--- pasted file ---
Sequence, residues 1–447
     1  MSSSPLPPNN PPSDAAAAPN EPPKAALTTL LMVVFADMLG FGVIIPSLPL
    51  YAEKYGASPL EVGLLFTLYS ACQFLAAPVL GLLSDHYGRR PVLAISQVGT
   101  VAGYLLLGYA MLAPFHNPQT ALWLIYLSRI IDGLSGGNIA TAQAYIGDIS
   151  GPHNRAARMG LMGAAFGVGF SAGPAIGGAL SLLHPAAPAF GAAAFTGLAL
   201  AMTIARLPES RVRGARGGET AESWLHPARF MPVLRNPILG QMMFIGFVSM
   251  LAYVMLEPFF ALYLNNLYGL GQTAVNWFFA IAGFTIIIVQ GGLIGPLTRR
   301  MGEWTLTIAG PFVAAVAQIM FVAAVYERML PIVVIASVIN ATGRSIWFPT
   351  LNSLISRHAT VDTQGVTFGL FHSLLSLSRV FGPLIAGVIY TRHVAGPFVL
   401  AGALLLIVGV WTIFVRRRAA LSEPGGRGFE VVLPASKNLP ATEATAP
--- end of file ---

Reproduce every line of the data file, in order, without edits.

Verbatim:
Sequence, residues 1–447
     1  MSSSPLPPNN PPSDAAAAPN EPPKAALTTL LMVVFADMLG FGVIIPSLPL
    51  YAEKYGASPL EVGLLFTLYS ACQFLAAPVL GLLSDHYGRR PVLAISQVGT
   101  VAGYLLLGYA MLAPFHNPQT ALWLIYLSRI IDGLSGGNIA TAQAYIGDIS
   151  GPHNRAARMG LMGAAFGVGF SAGPAIGGAL SLLHPAAPAF GAAAFTGLAL
   201  AMTIARLPES RVRGARGGET AESWLHPARF MPVLRNPILG QMMFIGFVSM
   251  LAYVMLEPFF ALYLNNLYGL GQTAVNWFFA IAGFTIIIVQ GGLIGPLTRR
   301  MGEWTLTIAG PFVAAVAQIM FVAAVYERML PIVVIASVIN ATGRSIWFPT
   351  LNSLISRHAT VDTQGVTFGL FHSLLSLSRV FGPLIAGVIY TRHVAGPFVL
   401  AGALLLIVGV WTIFVRRRAA LSEPGGRGFE VVLPASKNLP ATEATAP